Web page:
PAH by hexane/acetone microwave/ultrasonic extraction

Discussions about sample preparation: extraction, cleanup, derivatization, etc.

5 posts Page 1 of 1
Is anyone doing PAH in soils using the 1:1 hexane:acetone mixture either with method 3546 (microwave) or 3550c (ultrasonic) methods? I'm thinking about trying it for PAH analysis via method 8270. I'd try to use my 5890/5971 GC-MS and a DB-5ms (19091S-433) 30m x 0.25mm x 0.25um column with helium carrier.

I've never done any of the 8270 analytes but I am starting to send out quite a few samples for PAH and I'm thinking PAH might be a nice subset to get some experience with the method. I want to use the hexane/acetone extraction because I'm trying to keep methylene chloride away from affecting my 8260 methods.
Normally when using this method you exchange into methylene chloride before injection, which takes a bit of doing since it boils so much lower than the other two solvents. I also have found exchanging into ethyl acetate to work very well and it works great for doing solvent effect injections since you can have the oven start at 70C instead of needing a far cooler starting temperature.

PAH compounds are fairly easy to get to work on a 5 phase column, just remember you need an injection temp of around 275C to get them to transfer quickly to the column, lower temps work but you get more tailing in the last eluting peaks.

We are getting ready to try the microwave extractions ourselves, we have done the sonication in the past with good results.
The past is there to guide us into the future, not to dwell in.
Too bad mineral oil would probably elute right in the PAH range. Back when I did pesticides and PCB's in the early 1990's by sep funnel extraction, I used to add a mL of isooctane which contained mineral oil (I think it was maybe 1 mL mineral oil per Liter of isooctane). This worked great for volume reducing the methylene chloride for injection. Even if it went dry, the pesticides and PCB's were still there in the mineral oil residue, and could be picked back up with fresh solvent.
James_Ball wrote:
Normally when using this method you exchange into methylene chloride before injection, which takes a bit of doing since it boils so much lower than the other two solvents. I also have found exchanging into ethyl acetate to work very well and it works great for doing solvent effect injections since you can have the oven start at 70C instead of needing a far cooler starting temperature.

PAH compounds are fairly easy to get to work on a 5 phase column, just remember you need an injection temp of around 275C to get them to transfer quickly to the column, lower temps work but you get more tailing in the last eluting peaks.

We are getting ready to try the microwave extractions ourselves, we have done the sonication in the past with good results.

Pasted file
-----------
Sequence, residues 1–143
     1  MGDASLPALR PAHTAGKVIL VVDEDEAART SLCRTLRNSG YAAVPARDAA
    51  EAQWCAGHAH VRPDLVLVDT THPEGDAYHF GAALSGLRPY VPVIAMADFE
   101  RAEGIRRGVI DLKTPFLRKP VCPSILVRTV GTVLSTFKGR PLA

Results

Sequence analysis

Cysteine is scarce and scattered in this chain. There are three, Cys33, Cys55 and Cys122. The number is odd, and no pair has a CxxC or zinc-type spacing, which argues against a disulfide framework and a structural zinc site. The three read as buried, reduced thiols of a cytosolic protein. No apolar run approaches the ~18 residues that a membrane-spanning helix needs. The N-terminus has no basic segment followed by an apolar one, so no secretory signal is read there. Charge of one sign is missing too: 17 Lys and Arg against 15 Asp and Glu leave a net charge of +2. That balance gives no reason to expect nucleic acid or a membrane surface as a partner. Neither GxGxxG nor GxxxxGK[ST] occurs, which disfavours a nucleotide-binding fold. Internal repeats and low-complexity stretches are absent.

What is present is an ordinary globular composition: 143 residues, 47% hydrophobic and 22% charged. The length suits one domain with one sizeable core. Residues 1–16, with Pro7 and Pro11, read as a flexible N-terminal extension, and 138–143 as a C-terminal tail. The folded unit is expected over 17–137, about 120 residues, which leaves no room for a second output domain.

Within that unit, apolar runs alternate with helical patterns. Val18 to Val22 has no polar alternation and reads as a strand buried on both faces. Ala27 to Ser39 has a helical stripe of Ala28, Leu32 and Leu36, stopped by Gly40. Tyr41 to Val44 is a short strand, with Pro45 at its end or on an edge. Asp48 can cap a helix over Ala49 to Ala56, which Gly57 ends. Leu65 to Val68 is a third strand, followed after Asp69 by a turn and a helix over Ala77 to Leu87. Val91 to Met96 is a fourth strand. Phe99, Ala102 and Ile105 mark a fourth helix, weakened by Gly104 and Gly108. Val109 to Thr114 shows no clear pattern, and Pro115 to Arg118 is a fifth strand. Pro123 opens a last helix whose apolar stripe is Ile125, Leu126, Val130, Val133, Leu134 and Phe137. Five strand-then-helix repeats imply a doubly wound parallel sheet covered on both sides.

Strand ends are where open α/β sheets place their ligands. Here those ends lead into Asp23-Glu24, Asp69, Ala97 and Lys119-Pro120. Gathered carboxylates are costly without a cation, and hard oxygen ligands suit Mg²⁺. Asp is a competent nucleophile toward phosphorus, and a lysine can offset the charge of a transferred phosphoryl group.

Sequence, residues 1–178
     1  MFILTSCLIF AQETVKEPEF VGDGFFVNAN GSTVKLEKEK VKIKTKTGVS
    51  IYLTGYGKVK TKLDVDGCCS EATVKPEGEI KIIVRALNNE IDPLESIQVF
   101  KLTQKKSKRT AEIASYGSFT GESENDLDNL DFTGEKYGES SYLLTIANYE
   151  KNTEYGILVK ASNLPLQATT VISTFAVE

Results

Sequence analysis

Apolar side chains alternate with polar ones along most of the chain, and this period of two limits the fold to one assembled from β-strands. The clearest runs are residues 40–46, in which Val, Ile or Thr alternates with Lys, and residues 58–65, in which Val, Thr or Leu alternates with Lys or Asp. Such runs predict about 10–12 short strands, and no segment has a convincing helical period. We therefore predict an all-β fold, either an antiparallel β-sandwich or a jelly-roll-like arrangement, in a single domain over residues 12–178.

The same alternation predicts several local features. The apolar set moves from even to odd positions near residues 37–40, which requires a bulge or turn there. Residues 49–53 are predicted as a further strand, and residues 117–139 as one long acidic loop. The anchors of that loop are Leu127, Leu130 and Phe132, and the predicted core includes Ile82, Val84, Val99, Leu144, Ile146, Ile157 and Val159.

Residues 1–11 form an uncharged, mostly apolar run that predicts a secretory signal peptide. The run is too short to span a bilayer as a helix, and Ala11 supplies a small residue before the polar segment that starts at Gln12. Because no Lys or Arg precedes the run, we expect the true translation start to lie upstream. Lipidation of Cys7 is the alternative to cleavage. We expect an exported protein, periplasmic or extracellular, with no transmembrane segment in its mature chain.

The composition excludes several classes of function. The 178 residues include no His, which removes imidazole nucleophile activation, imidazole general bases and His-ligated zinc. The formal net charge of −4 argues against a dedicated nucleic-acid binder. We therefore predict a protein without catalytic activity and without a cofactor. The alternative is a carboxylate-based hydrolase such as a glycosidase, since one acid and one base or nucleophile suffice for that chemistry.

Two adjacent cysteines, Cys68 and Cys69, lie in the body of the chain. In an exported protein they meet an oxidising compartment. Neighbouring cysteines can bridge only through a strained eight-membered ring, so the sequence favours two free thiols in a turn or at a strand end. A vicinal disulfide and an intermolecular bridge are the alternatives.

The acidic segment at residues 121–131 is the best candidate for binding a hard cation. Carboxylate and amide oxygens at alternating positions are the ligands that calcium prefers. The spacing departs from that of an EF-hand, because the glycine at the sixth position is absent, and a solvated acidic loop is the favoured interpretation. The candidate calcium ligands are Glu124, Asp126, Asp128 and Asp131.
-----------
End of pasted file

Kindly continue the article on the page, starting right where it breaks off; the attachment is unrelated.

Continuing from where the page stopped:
I can see why exchanging to hexane is a problem since its the acetone/n-hexane azeotrope boils at 49.8C and the vapor is 41% hexane 59% acetone. I'll try and find some ethyl acetate azeotrope data. Sounds like ethyl acetate is not too harmful to have in a volatiles lab.
LALman wrote:
James_Ball wrote:
Normally when using this method you exchange into methylene chloride before injection, which takes a bit of doing since it boils so much lower than the other two solvents. I also have found exchanging into ethyl acetate to work very well and it works great for doing solvent effect injections since you can have the oven start at 70C instead of needing a far cooler starting temperature.

PAH compounds are fairly easy to get to work on a 5 phase column, just remember you need an injection temp of around 275C to get them to transfer quickly to the column, lower temps work but you get more tailing in the last eluting peaks.

We are getting ready to try the microwave extractions ourselves, we have done the sonication in the past with good results.
I can see why exchanging to hexane is a problem since its the acetone/n-hexane azeotrope boils at 49.8C and the vapor is 41% hexane 59% acetone. I'll try and find some ethyl acetate azeotrope data. Sounds like ethyl acetate is not too harmful to have in a volatiles lab.


I think the only time I have to report ethyl acetate is if the client asks for a full appendix 9 list so not often I worry about it. Evaporating in the hood takes care of most of the fumes and the high boiling point of the ethyl acetate makes it easy to exchange. I also like the lower toxicity of the ethyl acetate versus methylene chloride, I just wish more EPA methods would allow it.
The past is there to guide us into the future, not to dwell in.
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